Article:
As the manager of a software development team, you spend a lot of time looking for ways to get the most out of your developers. And like any human being, software developers are at their most productive when they are working in a state of flow.
Identified and named by psychologist Mihaly Csikszentmihalyi (It’s not as hard as it looks: Me-hi Cheeks-sent-me-hi.) in 1975, flow is a mental state in which a person is totally immersed in their work, focused and energized. It’s the same thing people mean when they are “in the zone.”
Even if you don’t have an academic understanding of flow, you likely have an intuitive one. Anytime you’ve been totally absorbed in work that calls for creative, knowledgeable problem-solving–unconsciously understanding a need and fluidly offering a solution–you’ve been in flow. You’ve lost track of time and your surroundings; you’ve forgotten about physical needs like food and sleep.
While being in a state of flow might feel like magic, there are actually some concrete factors that facilitate it. When you understand what those are and what conditions are conducive to flow, you understand how you can set up your team to better achieve it.
The key thing to understand about flow is that in order to achieve it, the work needs to be like Goldilock’s bed, chair, and porridge; in other words, just right. It needs to be challenging and engaging enough to energize but not so challenging and demanding to deplete. In the world of software development, this means that a project can be too simple and lead to boredom and apathy. It can also be too difficult, leading to frustration and apathy.
Either way, both extremes of experience lead to apathy and an apathetic developer is one who is likely missing deadlines, releasing sloppy code, and unresponsive to requests. With a few intentional adjustments to your management style, you can create an environment conducive to flow for your developers. Not only will you have a higher ROI in terms of a finished product, but the intangible shift in your team will be invaluable.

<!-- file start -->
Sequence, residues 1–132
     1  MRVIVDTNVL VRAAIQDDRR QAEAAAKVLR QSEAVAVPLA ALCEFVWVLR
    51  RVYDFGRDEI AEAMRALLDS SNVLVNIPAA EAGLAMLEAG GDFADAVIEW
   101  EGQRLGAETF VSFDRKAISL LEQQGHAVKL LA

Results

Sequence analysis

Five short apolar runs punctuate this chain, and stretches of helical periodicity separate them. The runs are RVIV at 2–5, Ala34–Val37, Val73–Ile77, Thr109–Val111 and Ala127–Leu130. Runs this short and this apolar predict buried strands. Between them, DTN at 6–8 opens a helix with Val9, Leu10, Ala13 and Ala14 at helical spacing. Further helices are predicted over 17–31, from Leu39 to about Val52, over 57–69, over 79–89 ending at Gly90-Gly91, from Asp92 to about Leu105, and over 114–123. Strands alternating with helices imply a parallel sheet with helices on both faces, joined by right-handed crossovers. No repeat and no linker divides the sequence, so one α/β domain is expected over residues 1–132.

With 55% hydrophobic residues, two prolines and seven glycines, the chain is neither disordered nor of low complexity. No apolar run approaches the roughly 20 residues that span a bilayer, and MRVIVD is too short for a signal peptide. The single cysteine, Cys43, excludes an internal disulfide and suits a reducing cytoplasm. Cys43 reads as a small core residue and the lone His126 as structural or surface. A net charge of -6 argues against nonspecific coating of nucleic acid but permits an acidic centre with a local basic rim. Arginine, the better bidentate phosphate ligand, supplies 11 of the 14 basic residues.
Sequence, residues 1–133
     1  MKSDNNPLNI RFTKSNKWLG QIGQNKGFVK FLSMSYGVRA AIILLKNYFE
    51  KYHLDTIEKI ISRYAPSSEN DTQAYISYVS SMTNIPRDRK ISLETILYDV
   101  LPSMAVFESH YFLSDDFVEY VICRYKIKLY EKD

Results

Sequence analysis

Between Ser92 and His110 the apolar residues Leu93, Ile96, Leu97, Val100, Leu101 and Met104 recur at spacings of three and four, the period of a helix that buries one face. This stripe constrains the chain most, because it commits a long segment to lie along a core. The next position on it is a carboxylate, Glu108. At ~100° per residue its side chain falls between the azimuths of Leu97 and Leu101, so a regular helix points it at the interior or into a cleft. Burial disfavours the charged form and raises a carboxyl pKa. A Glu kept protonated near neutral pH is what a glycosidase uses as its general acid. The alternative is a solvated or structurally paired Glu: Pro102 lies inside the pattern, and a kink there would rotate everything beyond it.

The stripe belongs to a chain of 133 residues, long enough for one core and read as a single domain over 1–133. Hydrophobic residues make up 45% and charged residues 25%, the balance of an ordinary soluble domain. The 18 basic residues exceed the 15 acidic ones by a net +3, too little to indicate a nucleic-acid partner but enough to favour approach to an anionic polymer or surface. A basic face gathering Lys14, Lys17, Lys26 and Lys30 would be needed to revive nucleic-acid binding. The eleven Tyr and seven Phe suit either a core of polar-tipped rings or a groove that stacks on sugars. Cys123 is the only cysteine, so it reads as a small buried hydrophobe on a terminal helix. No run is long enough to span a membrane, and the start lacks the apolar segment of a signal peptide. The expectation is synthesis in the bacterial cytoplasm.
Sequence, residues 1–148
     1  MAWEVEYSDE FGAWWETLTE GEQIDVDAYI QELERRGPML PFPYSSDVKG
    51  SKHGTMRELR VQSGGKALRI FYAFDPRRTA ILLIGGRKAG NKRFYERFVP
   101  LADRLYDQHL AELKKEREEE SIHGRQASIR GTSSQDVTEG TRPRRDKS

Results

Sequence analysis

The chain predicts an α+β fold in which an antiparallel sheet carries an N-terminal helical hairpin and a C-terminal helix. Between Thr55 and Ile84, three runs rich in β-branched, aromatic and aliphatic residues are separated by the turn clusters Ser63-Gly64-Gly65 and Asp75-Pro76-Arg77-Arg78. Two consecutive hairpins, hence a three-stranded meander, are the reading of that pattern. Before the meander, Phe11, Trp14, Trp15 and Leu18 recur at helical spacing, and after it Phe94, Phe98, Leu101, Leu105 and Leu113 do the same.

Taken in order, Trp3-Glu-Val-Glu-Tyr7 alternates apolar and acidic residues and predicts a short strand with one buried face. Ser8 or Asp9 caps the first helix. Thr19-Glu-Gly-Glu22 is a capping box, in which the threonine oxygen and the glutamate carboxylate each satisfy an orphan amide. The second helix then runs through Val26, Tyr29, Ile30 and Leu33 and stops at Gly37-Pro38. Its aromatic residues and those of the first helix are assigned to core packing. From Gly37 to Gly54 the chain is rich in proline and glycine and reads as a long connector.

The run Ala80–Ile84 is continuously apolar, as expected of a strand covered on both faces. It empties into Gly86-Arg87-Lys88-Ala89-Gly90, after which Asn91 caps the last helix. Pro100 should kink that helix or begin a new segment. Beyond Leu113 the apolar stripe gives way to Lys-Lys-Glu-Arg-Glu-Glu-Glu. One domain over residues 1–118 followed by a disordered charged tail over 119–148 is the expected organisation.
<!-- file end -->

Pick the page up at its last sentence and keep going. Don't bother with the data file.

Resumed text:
Developers, just like anyone else, are highly motivated knowing that the way they spend their time is meaningful. If you are fortunate enough to work for a mission-driven company, don’t stop there. In addition to the general positive company culture (or despite a general negative company culture, if this is the case), you are responsible for creating a sense of buy-in from your team.
Negativity is not good in any work environment and has an especially hard impact on achieving flow. Emotions like worry, fear, and anger destroy any chance of achieving a state of flow. Some ways to make sure you are doing what you can to create a positive work environment:
Like most of us, developers hate getting put to work on a task only to be pulled off when a different priority comes up. To achieve flow, they must know that they can dive into a task and see it through to completion. If you find that they are getting pulled off tasks prematurely, this shows a lack of organization and you need to fix it.
I’ve found great success in using a kanban tool, which is a visual board that assures developers that once they are assigned a task, they will remain on the task to the end.
Another obstacle to flow so common in the workplace is interruptions. It takes at least 10-15 minutes just to get into a state of flow. Keep this in mind when scheduling meetings and other requests that pull developers away from work.
Make sure the team has an efficient system of communication that they can choose to mute to avoid interruptions. Specify which platforms and channels are appropriate depending on the communication need and what reasonable response times are for each.
Even if you were able to create the perfect work environment, you ultimately don’t have control over how the team spends their free time. But keep in mind that, in addition to the emotions mentioned above, stress and anxiety are not compatible with achieving flow.
You have some control over the stress your team feels over work-related issues but are limited in how they handle stress outside of work. One thing you can do? Model a work-life balance yourself. You can probably recite the list of things you need to do to take care of yourself in your sleep, but just in case: eat nutritious food, drink water, move your body, practice mindfulness, and nurture your personal relationships.
Practice what you preach and not only will you create an environment conducive to flow, you may just achieve it yourself.